How To Position Yourself In Relation To Your Customer

I’d like to share something very quickly with you today here on my blog post, on my vlog and that is actually about how you position yourself in the sales process and how you position yourself against your customer. Well against is maybe the wrong word but let’s say vis-à-vis your potential customer. Now, what I cannot understand of many sales people is that they think that the customer only decides if there is a deal or not and that they depend on this customer’s goodwill on the business.

Transcript

Hey, hello. Armin Rau here from, Armin L Rau opening doors, making you grow. I’d like to share something very quickly with you today here on my blog post, on my vlog and that is actually about how you position yourself in the sales process and how you position yourself against your customer.

Well against is maybe the wrong word but let’s say vis-à-vis your potential customer. Now, what I cannot understand of many sales people is that they think that the customer only decides if there is a deal or not and that they depend on this customer’s goodwill on the business, on the purchasing manager etc. etc. and that they can be happy to get the deal. You know this tends to be a self-fulfilling prophecy and I strongly recommend you that you are talking to your customer at the same level.

You are positioning yourself at the same level which means that you make it very clear that you are also qualifying his company and the opportunity to decide if this deal is a good deal for you. So you will always ask yourself if it actually is an opportunity on which you’re working and you will also ask yourself if you can actually help and if it makes sense and if it can make the deal profitable for example. And let the customer know that it is a mutual decision to work together and that you definitely do not want to have a bad deal you’re your company.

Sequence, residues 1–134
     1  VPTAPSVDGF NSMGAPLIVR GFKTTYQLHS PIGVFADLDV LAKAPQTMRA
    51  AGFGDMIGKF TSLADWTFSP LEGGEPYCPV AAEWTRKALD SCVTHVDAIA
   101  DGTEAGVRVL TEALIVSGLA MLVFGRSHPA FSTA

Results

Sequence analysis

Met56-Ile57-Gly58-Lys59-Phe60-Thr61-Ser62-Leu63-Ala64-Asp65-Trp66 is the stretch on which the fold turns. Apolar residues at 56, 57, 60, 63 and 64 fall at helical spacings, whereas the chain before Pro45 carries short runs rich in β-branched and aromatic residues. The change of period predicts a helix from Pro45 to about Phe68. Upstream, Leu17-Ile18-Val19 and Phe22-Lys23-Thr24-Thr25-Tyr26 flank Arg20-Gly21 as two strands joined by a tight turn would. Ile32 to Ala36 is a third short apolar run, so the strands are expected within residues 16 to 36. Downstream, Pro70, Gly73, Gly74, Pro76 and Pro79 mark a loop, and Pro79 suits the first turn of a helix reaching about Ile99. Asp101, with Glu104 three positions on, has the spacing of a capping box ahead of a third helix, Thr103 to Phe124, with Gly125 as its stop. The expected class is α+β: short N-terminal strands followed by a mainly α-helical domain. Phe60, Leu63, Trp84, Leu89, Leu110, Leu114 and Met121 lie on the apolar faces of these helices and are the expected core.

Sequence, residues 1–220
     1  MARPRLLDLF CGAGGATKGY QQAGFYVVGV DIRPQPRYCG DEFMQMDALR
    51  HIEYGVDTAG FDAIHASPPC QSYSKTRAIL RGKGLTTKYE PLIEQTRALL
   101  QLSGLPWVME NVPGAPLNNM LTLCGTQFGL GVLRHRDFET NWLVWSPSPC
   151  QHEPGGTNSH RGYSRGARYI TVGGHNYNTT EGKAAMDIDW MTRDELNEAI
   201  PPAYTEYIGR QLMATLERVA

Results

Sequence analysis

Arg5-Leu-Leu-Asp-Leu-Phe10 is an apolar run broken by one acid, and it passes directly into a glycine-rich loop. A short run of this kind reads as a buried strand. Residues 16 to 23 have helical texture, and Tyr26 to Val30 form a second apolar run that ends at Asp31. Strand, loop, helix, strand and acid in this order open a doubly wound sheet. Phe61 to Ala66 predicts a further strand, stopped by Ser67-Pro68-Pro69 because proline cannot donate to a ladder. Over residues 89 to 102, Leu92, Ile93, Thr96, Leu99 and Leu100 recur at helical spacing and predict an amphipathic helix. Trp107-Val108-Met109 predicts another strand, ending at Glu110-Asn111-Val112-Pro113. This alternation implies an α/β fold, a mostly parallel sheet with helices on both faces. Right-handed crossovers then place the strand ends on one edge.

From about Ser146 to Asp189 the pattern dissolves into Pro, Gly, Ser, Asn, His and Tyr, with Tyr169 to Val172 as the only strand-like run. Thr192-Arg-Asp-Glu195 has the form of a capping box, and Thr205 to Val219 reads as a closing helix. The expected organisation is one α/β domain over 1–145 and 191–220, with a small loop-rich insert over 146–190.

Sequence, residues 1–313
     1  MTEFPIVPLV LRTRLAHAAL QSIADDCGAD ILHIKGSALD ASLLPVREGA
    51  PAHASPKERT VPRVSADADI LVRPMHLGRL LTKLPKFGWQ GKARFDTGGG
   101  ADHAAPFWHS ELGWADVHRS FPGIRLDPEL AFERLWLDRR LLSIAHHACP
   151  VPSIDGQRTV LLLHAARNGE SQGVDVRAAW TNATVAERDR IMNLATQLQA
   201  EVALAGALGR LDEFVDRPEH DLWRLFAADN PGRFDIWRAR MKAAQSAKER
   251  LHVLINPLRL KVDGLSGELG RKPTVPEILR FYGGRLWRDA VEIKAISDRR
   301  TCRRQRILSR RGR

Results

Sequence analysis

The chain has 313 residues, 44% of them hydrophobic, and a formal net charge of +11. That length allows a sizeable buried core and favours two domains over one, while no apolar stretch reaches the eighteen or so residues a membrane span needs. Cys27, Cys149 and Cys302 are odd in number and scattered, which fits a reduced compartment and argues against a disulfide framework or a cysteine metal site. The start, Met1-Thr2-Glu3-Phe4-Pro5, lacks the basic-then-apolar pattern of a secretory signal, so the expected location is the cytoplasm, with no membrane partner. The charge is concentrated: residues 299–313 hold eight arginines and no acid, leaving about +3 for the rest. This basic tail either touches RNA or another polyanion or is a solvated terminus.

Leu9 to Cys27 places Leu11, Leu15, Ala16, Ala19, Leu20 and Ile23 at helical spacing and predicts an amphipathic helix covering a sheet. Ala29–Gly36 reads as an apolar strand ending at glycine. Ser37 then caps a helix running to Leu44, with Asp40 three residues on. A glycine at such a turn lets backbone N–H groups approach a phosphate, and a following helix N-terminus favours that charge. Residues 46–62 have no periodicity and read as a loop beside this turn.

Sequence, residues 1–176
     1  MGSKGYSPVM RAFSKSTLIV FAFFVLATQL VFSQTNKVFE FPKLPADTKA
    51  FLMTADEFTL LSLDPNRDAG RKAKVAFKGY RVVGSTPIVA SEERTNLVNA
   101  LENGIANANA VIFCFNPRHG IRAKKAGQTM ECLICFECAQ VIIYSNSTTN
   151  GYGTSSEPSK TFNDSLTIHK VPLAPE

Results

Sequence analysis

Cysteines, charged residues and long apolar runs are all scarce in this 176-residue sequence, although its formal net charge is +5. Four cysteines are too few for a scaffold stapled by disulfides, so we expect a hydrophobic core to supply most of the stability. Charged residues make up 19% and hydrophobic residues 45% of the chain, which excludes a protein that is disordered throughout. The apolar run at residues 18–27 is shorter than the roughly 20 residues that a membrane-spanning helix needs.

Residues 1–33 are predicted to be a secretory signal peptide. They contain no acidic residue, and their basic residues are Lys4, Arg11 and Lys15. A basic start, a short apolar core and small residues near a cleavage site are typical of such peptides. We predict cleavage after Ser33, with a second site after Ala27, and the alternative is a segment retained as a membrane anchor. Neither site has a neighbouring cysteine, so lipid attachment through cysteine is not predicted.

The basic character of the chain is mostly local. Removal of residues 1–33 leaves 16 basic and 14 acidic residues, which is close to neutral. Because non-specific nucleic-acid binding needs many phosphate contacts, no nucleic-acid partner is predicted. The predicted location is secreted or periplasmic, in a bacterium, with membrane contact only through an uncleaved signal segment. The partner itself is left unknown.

Now another thing in this process that many… Often times sales people, they run after the customer and they’re waiting for the next phase and then there is a restructuring and then there is, I don’t know, somebody who’s left the company, then some other project had come in between now. Don’t get me wrong, these things can never be 100% avoided but if you have a sales process that for example has four phases.

A first phase which we might call presentation or introduction, a second one which we call offer, a third one which we call contract and a forth one which we call negotiation and closing. You should actually force or ask the customer for a formal commitment to go on in the process until you go to the next phase which means so if you have presented something and if the customer has a project, if he wants an offer he should formally ask for this offer and for example, commit to a response by a certain date. If the customer is not happy to do that, well then you know already that it is not…

That he is maybe not as serious as you would like it to be. So you probably, you could for example at this point in time stop the sales process.

Now, that is something which I… And you do the same after the offer, you ask for another commitment. For example, a memorandum of understanding before you’re even going to craft a contract and after contract negotiations you might ask for a letter of intent or something like that.

That is very, very important to do in enterprise sales. I call this continuous qualifying. Try it with your leads in order to work much, much more on opportunities that are real opportunities and opportunities that you can win.

So that was my tip for today in this vlog on continuous qualifying and how you should position yourself vis-à-vis your client or potential client.

This is Armin L Rau from Armin L Rau, opening doors making you grow. Wishing you all the best and thank you for watching it.